January 19, 2018

Archives for May 2015

If you want people to listen…

Group of people listening…let them speak.

It’s quite simple really.

The days of talking at an audience and expecting them to take much of it on board are gone. Expectations have changed: People want a conversation. They want to be heard as well as to hear.

Sometimes we fear initiating a two-way conversation because we might not like what’s said.

The thing is…

The thoughts are there anyway. If we know what they are we are, we’re better off.

We can state up front we may not be able to act on all of what’s said.

People want to be heard. Then they might accept an alternative view. If they’re made to be silent, they probably won’t.


My new book “The Mastery of Leadership” is now available on Amazon.

Just when I thought it couldn’t get any worse…

High street with people…it did.

(And a note on the kindness of strangers.)

Last weekend turned into a nightmare for reasons of ill health in the family and other unexpected developments. Part of dealing with that involved driving some family members home late on Monday night in awkward circumstances.

…and then the car broke down, electrically and completely, on a remote country road, in the dark.

Of course…

We phoned for help and help was on its way, but for a while we were vulnerable—a stationary car in the middle of a road without lights. We had no response of our own.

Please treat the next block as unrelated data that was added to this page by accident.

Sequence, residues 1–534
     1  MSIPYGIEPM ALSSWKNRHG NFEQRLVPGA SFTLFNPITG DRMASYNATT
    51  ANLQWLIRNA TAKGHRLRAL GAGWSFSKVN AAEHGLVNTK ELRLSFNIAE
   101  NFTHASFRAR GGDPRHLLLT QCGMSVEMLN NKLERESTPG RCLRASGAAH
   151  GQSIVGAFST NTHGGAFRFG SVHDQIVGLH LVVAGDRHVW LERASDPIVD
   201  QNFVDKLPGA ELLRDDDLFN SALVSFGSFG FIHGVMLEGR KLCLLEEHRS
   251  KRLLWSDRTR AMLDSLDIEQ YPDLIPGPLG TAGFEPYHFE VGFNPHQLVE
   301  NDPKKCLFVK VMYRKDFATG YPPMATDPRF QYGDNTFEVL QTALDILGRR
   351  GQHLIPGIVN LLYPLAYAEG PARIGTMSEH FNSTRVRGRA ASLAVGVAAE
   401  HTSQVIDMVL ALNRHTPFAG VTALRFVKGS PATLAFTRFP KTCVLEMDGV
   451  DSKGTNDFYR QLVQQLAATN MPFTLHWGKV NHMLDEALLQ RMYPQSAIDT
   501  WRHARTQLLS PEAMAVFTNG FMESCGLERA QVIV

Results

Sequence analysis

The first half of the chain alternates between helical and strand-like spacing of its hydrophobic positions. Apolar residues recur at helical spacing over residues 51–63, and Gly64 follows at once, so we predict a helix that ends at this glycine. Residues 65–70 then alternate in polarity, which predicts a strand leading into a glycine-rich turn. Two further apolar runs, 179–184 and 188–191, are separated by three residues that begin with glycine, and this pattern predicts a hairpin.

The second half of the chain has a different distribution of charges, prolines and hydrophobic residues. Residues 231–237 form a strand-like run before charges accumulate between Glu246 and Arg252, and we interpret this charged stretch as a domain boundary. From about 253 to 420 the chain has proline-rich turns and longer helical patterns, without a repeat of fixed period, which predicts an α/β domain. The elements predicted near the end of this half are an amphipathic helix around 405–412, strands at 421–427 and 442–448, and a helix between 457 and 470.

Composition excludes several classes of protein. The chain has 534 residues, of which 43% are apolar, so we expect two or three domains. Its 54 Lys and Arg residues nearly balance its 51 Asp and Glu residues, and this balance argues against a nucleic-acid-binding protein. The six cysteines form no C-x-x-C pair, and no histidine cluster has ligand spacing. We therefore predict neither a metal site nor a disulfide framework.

And then…

The first car that happened along stopped and came to our aid, the driver using his lights to highlight the hazard we formed, only leaving the scene when the official help arrived.

I was very aware of this man’s kindness and how much we depended on it—a humbling experience.

It’s perhaps only when we’ve used up our own capacity to cope that we truly appreciate the human kindness in the world; only when we’ve no option but to ask for help that we realise it’s there.

Perhaps there’s more of it about than we think.


My new book “The Mastery of Leadership” is now available on Amazon if you’d like a copy.

Drop everything?

Four business people in a discussionWe need to get people’s attention from time to time…

We may well need them to accommodate what we need done, or what they need to do to give effect to what we’re offering them.

If we expect them to drop everything though, it probably isn’t going to happen.

I’ve made the mistake several times of agreeing to buy a service or product that’s been offered to me unsolicited and then found that I don’t have the capacity to follow through on the implementation.

So in change and growth, to drop everything isn’t a realistic option, and we’ll do better if we set the pace accordingly (and choose people who recognise that).

Less is sometimes more, especially in the long haul.